With around 80 per cent of its workforce back on construction sites when they were deemed safe to reopen in May, Francis has been able to apply what they’ve learned from this early experience to Skanska’s office-based workforce. “We had a lot less time to get sites ready and needed to get them secure,” he adds. “It wasn’t just about the areas people work in, but pinch-points like corridors and shared workspaces, one-way systems, lots of signage, how you work out how many people you can have at capacity.”
Those that have gone back to the office so far have done so through choice, says Francis. His team has built an online ‘re-induction’ so employees can walk through how the office has changed, the new safety protocols – even simple things like how to use the car park. “We felt it was important and will use it for anyone who has been away from the office for some length of time,” he says. “You have to do it before you can come back.”
A major priority going forward is how to sustain the company culture when offices are being used in a different way. Part of this will be suggesting a minimum frequency for teams coming together to managers. “We want to keep teams intact and ensure the culture we’ve built up over many years can be sustained and passed on to new hires,” says Francis. “It’s really important to keep those relationships going.”
Skanska’s and others’ experiences show that the return to work is by no means a binary choice, and that claims we’re headed for the ‘death of the office’ are far-fetched. “The bad news is that human connections are really suffering,” says Despina Katsikakis, head of occupier business performance at property consultancy Cushman & Wakefield. “While the work is getting done, interactions are very project-focused. So employees don’t have that sense of connection with colleagues, mentoring is not happening effectively and those serendipitous conversations aren’t happening.” Longer term, we’ll see complex, hybrid models of working spring up, she believes. “We’ll start making choices based on function or where people feel they do their best work. So you might see people go to a hub that’s local to them for a day rather than go into London for an hour’s meeting.
“The office will be curated to focus on those things that people are missing, to build learning and community, to host events, to leverage space so people can come together and collaborate.”
Justin Conceicao, principal for strategy at workplace consultancy Unispace, predicts there will be a three-pronged ‘propeller’ approach to how employees work, even once a vaccine becomes available and movement is less restricted. “You’ll have three blades: community (social interaction), problem-solving (knowledge transfer) and innovation (where people come together to share ideas),” he explains. For some industries, the problem-solving blade will be a bigger priority (in knowledge-heavy sectors such as law, for example), while in creative industries it might be innovation. “There will be a higher level of curation and management of space; it will be about getting people together at the right time, ensuring they have everything they need,” he adds. We could even see the emergence of ‘office experience managers’ who ensure these spaces are clean, equipped and booked for the right team when they arrive.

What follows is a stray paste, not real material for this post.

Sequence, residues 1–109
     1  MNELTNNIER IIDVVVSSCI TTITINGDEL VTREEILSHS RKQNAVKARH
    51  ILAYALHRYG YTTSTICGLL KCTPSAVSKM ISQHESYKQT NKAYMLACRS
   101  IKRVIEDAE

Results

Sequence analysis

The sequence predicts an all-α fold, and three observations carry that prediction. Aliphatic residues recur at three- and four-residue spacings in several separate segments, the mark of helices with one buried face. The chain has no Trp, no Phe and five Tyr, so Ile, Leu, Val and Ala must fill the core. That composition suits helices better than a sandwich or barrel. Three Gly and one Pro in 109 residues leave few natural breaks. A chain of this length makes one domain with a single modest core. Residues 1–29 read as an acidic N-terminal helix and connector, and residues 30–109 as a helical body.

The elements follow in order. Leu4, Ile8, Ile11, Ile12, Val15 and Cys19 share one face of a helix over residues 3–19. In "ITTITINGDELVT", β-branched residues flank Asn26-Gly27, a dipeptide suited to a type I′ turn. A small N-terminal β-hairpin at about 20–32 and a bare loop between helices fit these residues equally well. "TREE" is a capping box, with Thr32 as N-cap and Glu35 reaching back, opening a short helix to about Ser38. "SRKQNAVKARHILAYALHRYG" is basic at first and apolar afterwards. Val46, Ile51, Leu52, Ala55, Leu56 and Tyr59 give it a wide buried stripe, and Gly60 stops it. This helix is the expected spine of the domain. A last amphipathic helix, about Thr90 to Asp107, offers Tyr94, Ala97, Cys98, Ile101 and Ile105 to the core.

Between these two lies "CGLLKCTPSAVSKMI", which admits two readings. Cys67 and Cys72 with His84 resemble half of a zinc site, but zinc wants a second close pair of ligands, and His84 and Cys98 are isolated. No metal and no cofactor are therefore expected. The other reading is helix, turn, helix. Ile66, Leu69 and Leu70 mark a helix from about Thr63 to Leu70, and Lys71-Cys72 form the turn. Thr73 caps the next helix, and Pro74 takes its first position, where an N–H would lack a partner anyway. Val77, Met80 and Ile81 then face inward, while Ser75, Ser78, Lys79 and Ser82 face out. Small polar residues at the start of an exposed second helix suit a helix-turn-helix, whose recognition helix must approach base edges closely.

Crucially, it’s important to recognise how working from home has affected different groups and not build a ‘one size fits all’ strategy for their return. Research by the Office for National Statistics this summer found that higher-paid and more senior employees were (unsurprisingly) more likely to be able to work from home, while Cushman & Wakefield’s research found that younger people were least comfortable. “We thought they’d cope well because they’re digitally savvy,” adds Katsikakis. “But older workers adjusted the easiest and best – the majority had a dedicated workspace at home, and weren’t having to share with flatmates. Younger workers had often built strong social bonds with their colleagues and had more distractions and challenges.”
But in some ways the shift to home working has been positive for inclusion. Those who feel uncomfortable speaking up in a face-to-face meeting find they’re on the same ‘level’ as their extrovert colleagues in a Zoom call, while raising sensitive issues is arguably easier if managers have more empathy about your situation (because they’re experiencing a pandemic too). “How we organise workspace opens up a dialogue and we mustn’t lose sight of what inclusion looks like,” argues Mariann Hardey, associate professor in the department of management and marketing at Durham University Business School. “Lots of office spaces are quite hierarchical, and the CEO’s [private] office reflects their stake in the company and their position. This begins to open up changes.”